Well, actually, back then it was called Cave Brewery—named for the natural cave used as a cool and dry spot for brewing beer.
The brewery became the largest in Minnesota by 1860, producing 1,200 barrels annually and shipping them as far south as Tennessee. It was restructured as the St. Paul Brewing Company in 1898 before being sold to Jacob Schmidt soon after in 1900.
When prohibition shut down most of the breweries in the 1920s, the Schmidt Brewery kept afloat by making non-alcoholic beverages like Malta and City Club. Prohibition was lifted in 1933 and Schmidt’s became the 7th largest brewery in the country by 1936.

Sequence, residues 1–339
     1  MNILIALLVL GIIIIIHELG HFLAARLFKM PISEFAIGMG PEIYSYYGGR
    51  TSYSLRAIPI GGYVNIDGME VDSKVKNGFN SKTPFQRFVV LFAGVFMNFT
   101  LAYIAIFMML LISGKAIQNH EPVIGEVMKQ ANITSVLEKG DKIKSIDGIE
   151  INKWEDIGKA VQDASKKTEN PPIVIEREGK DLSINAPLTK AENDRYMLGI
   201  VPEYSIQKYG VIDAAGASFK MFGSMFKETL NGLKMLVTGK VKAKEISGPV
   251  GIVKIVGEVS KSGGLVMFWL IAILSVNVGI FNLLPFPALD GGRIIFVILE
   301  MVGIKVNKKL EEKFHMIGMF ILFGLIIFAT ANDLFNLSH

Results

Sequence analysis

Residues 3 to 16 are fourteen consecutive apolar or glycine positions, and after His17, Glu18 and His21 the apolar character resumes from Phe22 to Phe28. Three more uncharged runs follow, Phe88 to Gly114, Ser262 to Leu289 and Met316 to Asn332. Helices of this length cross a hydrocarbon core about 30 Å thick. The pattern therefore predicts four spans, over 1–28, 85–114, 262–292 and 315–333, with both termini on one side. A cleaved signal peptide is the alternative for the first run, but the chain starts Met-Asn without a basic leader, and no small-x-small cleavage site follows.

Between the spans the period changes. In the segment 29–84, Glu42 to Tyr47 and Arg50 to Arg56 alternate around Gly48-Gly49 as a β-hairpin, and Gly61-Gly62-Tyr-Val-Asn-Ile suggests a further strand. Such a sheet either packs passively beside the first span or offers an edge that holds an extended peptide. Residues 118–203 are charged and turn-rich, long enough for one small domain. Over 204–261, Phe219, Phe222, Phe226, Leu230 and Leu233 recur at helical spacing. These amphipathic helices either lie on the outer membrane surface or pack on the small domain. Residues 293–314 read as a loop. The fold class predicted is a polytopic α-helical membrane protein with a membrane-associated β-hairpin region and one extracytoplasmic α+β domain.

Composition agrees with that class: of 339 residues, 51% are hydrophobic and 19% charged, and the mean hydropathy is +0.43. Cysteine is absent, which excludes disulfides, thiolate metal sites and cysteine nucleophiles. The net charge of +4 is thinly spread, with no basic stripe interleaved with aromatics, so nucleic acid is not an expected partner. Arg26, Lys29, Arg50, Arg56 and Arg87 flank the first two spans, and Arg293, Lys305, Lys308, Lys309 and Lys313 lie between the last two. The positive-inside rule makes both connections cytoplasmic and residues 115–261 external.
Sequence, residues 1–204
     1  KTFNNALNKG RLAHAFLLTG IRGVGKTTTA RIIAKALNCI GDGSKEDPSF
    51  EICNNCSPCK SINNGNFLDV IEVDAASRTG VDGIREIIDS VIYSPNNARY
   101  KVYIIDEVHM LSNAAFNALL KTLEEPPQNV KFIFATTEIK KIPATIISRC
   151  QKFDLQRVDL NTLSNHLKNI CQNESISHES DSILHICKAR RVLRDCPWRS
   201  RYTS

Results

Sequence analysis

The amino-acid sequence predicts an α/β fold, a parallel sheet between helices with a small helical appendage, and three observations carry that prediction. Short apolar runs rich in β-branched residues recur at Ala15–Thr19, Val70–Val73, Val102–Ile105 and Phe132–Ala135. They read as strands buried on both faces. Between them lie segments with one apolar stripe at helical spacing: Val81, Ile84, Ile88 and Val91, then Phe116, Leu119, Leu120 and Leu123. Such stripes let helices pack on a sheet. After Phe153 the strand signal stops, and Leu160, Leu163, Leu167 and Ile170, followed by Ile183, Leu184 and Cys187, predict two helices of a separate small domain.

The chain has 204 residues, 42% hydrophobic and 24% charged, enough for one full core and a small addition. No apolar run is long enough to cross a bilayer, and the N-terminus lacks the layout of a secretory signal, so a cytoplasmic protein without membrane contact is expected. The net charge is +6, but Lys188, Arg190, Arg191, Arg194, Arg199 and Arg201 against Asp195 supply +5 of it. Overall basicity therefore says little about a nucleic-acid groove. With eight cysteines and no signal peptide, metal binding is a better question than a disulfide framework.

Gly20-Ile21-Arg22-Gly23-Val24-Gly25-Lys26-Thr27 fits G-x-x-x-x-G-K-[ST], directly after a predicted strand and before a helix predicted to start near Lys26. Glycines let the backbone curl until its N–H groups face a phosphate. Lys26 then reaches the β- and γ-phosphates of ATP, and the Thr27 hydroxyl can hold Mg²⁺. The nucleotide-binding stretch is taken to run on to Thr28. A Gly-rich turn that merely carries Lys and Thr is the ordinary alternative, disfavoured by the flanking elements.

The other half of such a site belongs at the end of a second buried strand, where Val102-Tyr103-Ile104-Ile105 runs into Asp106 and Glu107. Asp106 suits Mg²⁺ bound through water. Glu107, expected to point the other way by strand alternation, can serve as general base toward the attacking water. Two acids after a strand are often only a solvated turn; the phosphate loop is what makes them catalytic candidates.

Schmidt Brewery changed hands a number of times between 1954 and 1987 before ceasing production in 1990. The Minnesota Brewing Company bought the space in 1991 and started brewing the not very successful Landmark Beer (named for, you guessed it—or maybe you didn’t—Saint Paul’s iconic downtown Landmark Center). The brewery shut down for good in 2002 and shifted gears to produce ethanol for Gopher State until the doors closed again in 2004.
The bottle and brew houses were converted in 2012 into the Schmidt Artist Lofts, and the former keg house will now house the aptly named Keg and Case Market.
Learn more about Saint Paul's beer history.